W. Joseph Campbell

Inflating the exploits of WaPo’s Watergate reporters

In Debunking, Media myths, Washington Post, Watergate myth on July 21, 2011 at 2:51 am

As it has receded in time and memory, the Watergate scandal of 1972-74 has become ever more prone to myth and misleading interpretation.

Bernstein in 2009 (Newseum photo)

That helps explain why Watergate’s dominant narrative centers on the reporting exploits of Carl Bernstein and Bob Woodward, two then-young reporters for the Washington Post.

It’s far simpler to focus on two star reporters — and to inflate their accomplishments — than it is to wrestle with the forbidding complexity of a scandal that sent 19 men to jail and forced the resignation of a sitting U.S. president, Richard Nixon.

That’s a point I make in my media myth-busting book, Getting It Wrong, which came out last year. “How the Post and its reporters uncovered Watergate,” I write, “is deeply ingrained in American journalism as one of the field’s most important and self-reverential stories.”

It’s a narrative that commands considerable appeal abroad as well.

Just yesterday, Britain’s Sky News channel became the latest news outlet to indulge in the heroic-journalist interpretation of Watergate, declaring in a report posted online that “Bernstein was one of two reporters who revealed US president Richard Nixon’s efforts to cover up a break-in at the Democratic National Committee headquarters.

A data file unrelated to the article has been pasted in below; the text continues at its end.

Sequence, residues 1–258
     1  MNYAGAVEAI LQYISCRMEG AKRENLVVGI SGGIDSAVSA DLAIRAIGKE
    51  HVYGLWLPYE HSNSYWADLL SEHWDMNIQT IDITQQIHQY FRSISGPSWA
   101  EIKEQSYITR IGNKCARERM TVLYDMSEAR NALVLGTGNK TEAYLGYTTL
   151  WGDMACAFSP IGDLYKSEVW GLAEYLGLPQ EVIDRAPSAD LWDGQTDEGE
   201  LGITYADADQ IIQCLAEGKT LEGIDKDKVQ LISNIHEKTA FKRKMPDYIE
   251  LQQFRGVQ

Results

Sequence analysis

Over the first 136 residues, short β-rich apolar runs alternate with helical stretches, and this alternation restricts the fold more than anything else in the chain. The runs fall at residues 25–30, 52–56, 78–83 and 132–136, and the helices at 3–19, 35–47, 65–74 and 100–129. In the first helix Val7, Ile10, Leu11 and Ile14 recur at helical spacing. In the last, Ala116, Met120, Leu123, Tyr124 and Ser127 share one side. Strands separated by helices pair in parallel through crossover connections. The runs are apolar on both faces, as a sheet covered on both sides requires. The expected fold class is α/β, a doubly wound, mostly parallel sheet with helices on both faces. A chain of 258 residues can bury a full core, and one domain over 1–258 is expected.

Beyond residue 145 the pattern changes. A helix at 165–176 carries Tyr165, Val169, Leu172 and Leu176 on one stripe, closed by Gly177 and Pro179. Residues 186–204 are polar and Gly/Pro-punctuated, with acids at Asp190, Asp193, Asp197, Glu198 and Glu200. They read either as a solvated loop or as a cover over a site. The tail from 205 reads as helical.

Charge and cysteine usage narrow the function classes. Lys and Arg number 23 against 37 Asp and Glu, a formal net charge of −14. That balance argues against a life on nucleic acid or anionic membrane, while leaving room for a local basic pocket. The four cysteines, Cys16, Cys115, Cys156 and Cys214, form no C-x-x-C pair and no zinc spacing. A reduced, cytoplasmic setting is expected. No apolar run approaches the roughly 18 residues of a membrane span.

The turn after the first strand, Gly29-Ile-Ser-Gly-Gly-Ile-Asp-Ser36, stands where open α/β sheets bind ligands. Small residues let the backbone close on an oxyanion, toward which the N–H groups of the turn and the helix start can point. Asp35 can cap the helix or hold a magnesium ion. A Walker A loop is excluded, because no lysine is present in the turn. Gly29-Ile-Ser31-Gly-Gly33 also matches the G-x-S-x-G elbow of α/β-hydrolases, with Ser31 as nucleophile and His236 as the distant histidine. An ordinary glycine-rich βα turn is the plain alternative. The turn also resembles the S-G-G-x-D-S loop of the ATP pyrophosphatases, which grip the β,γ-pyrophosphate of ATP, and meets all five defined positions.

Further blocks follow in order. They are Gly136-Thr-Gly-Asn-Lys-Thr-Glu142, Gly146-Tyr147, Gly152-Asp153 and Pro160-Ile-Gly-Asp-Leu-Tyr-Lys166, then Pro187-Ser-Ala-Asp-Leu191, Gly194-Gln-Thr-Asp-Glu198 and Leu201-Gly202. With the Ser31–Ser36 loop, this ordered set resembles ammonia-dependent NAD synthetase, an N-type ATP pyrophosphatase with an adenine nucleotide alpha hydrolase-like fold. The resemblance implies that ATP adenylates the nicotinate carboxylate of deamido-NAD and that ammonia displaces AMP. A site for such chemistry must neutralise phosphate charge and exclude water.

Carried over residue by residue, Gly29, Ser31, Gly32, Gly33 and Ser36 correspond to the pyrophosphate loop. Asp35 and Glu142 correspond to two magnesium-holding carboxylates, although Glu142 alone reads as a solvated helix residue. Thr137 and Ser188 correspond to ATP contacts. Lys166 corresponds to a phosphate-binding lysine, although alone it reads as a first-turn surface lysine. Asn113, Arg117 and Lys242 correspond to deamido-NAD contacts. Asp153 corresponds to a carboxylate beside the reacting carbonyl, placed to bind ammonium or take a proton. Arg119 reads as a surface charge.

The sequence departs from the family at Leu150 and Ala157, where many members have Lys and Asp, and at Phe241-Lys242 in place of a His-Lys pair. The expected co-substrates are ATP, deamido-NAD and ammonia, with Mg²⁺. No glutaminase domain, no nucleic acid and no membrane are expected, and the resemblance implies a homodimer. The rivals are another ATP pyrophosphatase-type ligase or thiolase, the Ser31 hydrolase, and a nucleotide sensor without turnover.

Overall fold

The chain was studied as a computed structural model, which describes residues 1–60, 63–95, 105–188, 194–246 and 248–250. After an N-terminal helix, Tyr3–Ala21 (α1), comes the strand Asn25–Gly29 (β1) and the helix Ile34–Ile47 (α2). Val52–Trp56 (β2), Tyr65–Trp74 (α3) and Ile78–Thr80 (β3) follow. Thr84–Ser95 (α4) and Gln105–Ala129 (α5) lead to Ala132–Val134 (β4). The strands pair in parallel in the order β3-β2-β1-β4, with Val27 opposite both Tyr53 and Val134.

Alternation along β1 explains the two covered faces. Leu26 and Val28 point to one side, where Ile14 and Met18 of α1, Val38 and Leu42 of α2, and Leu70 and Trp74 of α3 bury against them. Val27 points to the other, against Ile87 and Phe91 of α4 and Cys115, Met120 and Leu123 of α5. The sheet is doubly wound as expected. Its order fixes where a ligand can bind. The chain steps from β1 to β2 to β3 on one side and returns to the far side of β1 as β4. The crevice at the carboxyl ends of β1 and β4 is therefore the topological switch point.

“It led to the conviction of a number of White House officials and Mr Nixon’s eventual resignation,” Sky’s report said.

Well, no: Neither Bernstein nor Woodward “revealed” Nixon’s attempts to cover up the burglary at the Watergate complex in Washington, the scandal’s signal crime. And their reporting didn’t bring about Nixon’s downfall, either.

Nixon’s authorization of a cover-up — to obstruct justice by attempting to divert the FBI’s investigation of the break-in — wasn’t clearly demonstrated until July 1974.

That was when Nixon complied with the U.S. Supreme Court’s decision and surrendered audiotapes of key, Watergate-related conversations that he had secretly recorded in the Oval Office of the White House.

The tapes clearly showed the president had engaged in a cover-up, a revelation that led directly to his resigning in August 1974.

Bernstein and Woodward’s reporting had nothing to do with the forced disclosure of the incriminating audiotapes.

Nor did Bernstein and Woodward’s reporting disclose that the tapes existed.

That Nixon had made such recordings emerged in July 1973, during the Watergate investigation by a select committee of the U.S. Senate.

To call out the erroneous Sky News report about Bernstein and Woodward is not to pick nits.

Rather, it’s to insist on a more precise understanding of the Washington Post’s modest role in Watergate — and to note how routinely that role is exaggerated.

In other words, to call out the Sky News report is to insist on what Bernstein says is journalism’s fundamental objective — that of seeking “the best obtainable version of the truth.”

And the truth is, the Post’s reporting did not disclose the cover-up Nixon ordered; nor did the newspaper’s reporting force the president’s resignation.

To roll up a scandal of the dimension of Watergate, I point out in Getting It Wrong, “required the collective if not always the coordinated forces of special prosecutors, federal judges, both houses of Congress, the Supreme Court, as well as the Justice Department and the FBI.

“Even then,” I add, “Nixon likely would have served out his term if not for the audiotape recordings he secretly made of most conversations in the Oval Office of the White House.”


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